Sounds like a great quote. Almost Montessori like.
A little self-profile of Br. Ezra Sullivan, O.P. - I presume it is the same young man:
From the article's content, I think he just wrote a headline and introduced the subject in a manner that might intrigue a current day reader unfamiliar with that aspect of Jerome's life. There's no hint of "since Jerome did x, we should go a step further and do y".
Thanks for that -- a former Baptist who converted. No modernist there in my judgment.
What a wonderful man. He did seem to be ahead of his time.
We also studied the martydom of those holy women celebrated in the Canon of the Mass: Felicity, Perpetua, Agatha, Lucy, Agnes, Cecilia and Anastasia. Fascinating stuff!
That's why I get burned up when I hear that the Church is anti-woman!
"I know of course that simply saying thank you is not enough. Unfortunately, we are heirs to a history which has conditioned us to a remarkable extent. In every time and place, this conditioning has been an obstacle to the progress of women. Women's dignity has often been unacknowledged and their prerogatives misrepresented; they have often been relegated to the margins of society and even reduced to servitude. This has prevented women from truly being themselves and it has resulted in a spiritual impoverishment of humanity. Certainly it is no easy task to assign the blame for this, considering the many kinds of cultural conditioning which down the centuries have shaped ways of thinking and acting. And if objective blame, especially in particular historical contexts, has belonged to not just a few members of the Church, for this I am truly sorry. May this regret be transformed, on the part of the whole Church, into a renewed commitment of fidelity to the Gospel vision. When it comes to setting women free from every kind of exploitation and domination, the Gospel contains an ever relevant message which goes back to the attitude of Jesus Christ himself. Transcending the established norms of his own culture, Jesus treated women with openness, respect, acceptance and tenderness. In this way he honoured the dignity which women have always possessed according to God's plan and in his love. As we look to Christ at the end of this Second Millennium, it is natural to ask ourselves: how much of his message has been heard and acted upon?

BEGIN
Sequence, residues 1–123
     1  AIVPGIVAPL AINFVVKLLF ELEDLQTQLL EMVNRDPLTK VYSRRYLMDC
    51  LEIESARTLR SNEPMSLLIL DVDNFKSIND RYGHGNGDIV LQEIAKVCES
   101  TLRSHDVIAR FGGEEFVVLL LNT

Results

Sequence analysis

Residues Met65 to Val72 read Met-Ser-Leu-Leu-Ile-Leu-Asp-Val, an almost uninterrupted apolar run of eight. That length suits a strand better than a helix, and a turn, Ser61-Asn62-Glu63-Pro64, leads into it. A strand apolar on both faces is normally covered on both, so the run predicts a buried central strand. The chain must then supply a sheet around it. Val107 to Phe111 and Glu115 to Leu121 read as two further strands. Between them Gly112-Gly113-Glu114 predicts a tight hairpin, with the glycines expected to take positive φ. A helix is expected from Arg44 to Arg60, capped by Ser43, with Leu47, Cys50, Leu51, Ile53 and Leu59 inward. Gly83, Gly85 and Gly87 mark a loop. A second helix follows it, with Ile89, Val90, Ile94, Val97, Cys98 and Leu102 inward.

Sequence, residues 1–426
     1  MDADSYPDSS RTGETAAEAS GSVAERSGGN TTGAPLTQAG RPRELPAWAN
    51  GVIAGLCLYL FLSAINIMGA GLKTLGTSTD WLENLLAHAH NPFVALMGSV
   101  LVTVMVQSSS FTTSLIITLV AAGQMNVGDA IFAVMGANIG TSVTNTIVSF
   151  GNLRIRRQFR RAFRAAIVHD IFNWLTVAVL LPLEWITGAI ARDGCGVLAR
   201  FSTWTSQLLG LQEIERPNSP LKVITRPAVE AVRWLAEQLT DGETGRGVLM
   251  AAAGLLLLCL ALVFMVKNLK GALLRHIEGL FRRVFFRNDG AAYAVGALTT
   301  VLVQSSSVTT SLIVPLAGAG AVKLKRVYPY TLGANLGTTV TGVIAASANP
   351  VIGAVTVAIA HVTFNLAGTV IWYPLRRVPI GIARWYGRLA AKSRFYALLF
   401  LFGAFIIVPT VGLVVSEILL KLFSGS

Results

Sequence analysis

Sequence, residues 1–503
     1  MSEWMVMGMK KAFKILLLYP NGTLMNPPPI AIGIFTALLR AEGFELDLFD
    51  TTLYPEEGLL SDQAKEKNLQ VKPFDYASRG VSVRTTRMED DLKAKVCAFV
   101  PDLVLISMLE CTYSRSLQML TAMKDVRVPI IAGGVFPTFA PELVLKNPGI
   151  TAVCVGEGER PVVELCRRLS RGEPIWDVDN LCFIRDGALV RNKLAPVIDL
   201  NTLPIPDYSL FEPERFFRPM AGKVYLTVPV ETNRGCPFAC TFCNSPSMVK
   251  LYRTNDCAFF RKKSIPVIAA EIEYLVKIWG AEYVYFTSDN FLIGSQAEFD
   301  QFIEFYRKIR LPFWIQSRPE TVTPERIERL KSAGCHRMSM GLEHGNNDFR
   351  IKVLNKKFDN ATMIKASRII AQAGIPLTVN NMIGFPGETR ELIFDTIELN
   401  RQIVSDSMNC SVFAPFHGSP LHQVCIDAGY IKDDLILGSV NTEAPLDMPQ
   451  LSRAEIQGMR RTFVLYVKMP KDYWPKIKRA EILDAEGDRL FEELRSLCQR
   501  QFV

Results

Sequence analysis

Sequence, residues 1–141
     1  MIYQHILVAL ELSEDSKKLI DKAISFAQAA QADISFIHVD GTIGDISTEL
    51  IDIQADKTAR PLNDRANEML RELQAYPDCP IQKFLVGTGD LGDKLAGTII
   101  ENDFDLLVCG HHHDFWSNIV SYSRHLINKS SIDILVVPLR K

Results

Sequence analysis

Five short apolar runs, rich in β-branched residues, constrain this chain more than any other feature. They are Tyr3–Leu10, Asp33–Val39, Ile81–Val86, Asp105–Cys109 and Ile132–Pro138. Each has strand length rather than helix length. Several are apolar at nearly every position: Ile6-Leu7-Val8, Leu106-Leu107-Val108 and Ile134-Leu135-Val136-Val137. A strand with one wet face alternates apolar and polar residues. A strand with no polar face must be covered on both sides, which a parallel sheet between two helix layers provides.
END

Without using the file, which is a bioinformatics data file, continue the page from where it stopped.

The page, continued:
Yes, it is time to examine the past with courage, to assign responsibility where it is due in a review of the long history of humanity. Women have contributed to that history as much as men and, more often than not, they did so in much more difficult conditions. I think particularly of those women who loved culture and art, and devoted their lives to them in spite of the fact that they were frequently at a disadvantage from the start, excluded from equal educational opportunities, underestimated, ignored and not given credit for their intellectual contributions. Sadly, very little of women's achievements in history can be registered by the science of history. But even though time may have buried the documentary evidence of those achievements, their beneficent influence can be felt as a force which has shaped the lives of successive generations, right up to our own. To this great, immense feminine "tradition" humanity owes a debt which can never be repaid."
For the letter in its entirety: http://www.vatican.va/holy_father/john_paul_ii/letters/documents/hf_jp-ii_let_29061995_women_en.html
I've known men who were better feminists than I was. Whenever I forgot, they always reminded me. : )